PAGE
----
What if: the 2003 NBA Draft, LeBron James and the Memphis Grizzlies
On May 22, 2003, the Memphis Grizzlies lost out on a prized possession that would’ve changed their entire future: No. 1 pick, LeBron James.
Picture this: On the 22nd of May 2003, the NBA lottery went down to two teams—the Cleveland Cavaliers, being represented by Gordon Gund, and the Memphis Grizzlies, represented by the logo himself, Jerry West. This was a defining moment for two franchises. Cleveland with the chance to take the hometown icon, or another achievement in West’s career as a general manager by making the Grizzlies contenders for years to come by bringing in LeBron James.
In reality, the No. 1 pick went to Cleveland, and Memphis lost out on the second pick due to a pre-existing trade from 1997 (for some reason, the Grizzlies traded away a top-1 protected pick for Otis Thorpe. He stayed as Grizzly for one season).
Now it’s time to play the ‘what-if’ game. What if Memphis got some extra added luck and got the No. 1 pick? What would happen to all the LeBron James-to-Cleveland conspiracies? All will be covered when I play this ‘what-if’ game looking into the Grizzlies’ future for seven years.
And before I begin, the Grizzlies obviously take LeBron.
In reality, the Grizzlies had a 50-win season with Pau Gasol cementing his stardom and becoming one of the best bigs in the game with Hubie Brown as coach (supposedly an amazing coach who had a 49 percent win percentage). The Grizzlies looked very good, but they could’ve been even better.
James would’ve made an instant impact the same way he did with Cleveland. But with even bigger improvements to the team. For example, the Cavs’ pace slowed down when Lebron joined (94 to 90.8 possessions per game), however, their offensive rating went up +4.9 (96.5 to 101.4) and their defensive rating dropped -2.5 (106.7 to 104.2).This made the Cavs go from the worst team in the league to ninth in the East, all on the back of LeBron.
Now with Memphis, they were already a really good team. They ended the season as the sixth seed in the West, but were swept by the San Antonio Spurs. In terms of win shares per 48 minutes, the Grizzlies totaled 55 wins (reality was 50). If we add LeBron’s rookie year W/S per 48, and do the same difference between projected win shares and actual wins (10 percent difference) in theory, the Grizzlies would’ve won 58 games. This in turn makes Memphis the joint top seed (with the Timberwolves) and gives them a much easier match-up in the playoffs.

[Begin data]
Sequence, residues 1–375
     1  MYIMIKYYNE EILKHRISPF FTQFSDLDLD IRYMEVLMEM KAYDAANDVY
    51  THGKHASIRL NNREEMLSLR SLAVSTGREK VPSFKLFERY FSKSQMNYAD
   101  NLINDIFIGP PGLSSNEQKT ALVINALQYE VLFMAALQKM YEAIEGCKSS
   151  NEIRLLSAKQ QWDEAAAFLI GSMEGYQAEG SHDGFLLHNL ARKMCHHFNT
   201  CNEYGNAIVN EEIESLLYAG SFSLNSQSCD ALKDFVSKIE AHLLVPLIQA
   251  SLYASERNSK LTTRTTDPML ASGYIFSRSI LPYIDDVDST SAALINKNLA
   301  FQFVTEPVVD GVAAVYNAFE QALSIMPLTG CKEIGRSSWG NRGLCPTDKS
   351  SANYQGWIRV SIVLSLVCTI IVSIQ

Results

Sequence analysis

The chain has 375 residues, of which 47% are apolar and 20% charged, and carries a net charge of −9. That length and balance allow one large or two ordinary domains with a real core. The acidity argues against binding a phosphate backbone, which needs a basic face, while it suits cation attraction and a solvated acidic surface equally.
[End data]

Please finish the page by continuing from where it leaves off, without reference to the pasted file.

If the rest of the NBA stayed the same in terms of wins, the Grizzlies would’ve faced the Nuggets in the first round, being led by another star rookie, Carmelo Anthony. The Grizzlies would’ve overpowered them with LeBron over Melo and Gasol over Nene making it smooth sailing. Then onto their real test, the Spurs. In reality, they were knocked out by the Spurs via sweep. In the said series, the Grizzlies couldn’t play their style of offense with only Gasol averaging over 15 points per game. However, LeBron would’ve changed that. Changed it enough to beat the Spurs? Probably not. Tim Duncan and Tony Parker were just too damn good that series for a LeBron-led Memphis to beat them.
James made the Grizz a much better team in his first season.
Reality: 50-32, swept in first round
LeBron: 63-19, lose in second round
In reality, the Grizzlies had a bit of a slump due to slowing down their pace (91.4 to 88.5) and also due to Pau Gasol missing 26 regular season games and with only glorified role players surrounding him: Mike Miller, Shane Battier and Jason Williams. The Grizzlies couldn’t do better than the eighth seed.
For Lebron James, this was his ‘coming-out’ season. With his win shares nearly tripling (5.1 to 14.3), a 7.4 increase in PER (18.3 to 25.7), and a 27.2/7.4/7.2 season, LeBron had made it as an NBA superstar. In terms of no stats being able to completely work in hypotheticals, Lebron’s increase of win shares (9.2) have been added to the Grizzlies’ record.
This would’ve left the Grizzlies at 54-28 record, good for fifth in the West. With this standing, they would have faced off against the Mavericks in the first round. In reality, the Mavs were taken to seven games by the Houston Rockets with inspired performances from Tracy McGrady and Yao Ming. In fiction, Memphis would’ve topped the Mavs due to lack of defensive depth on LeBron and Gasol.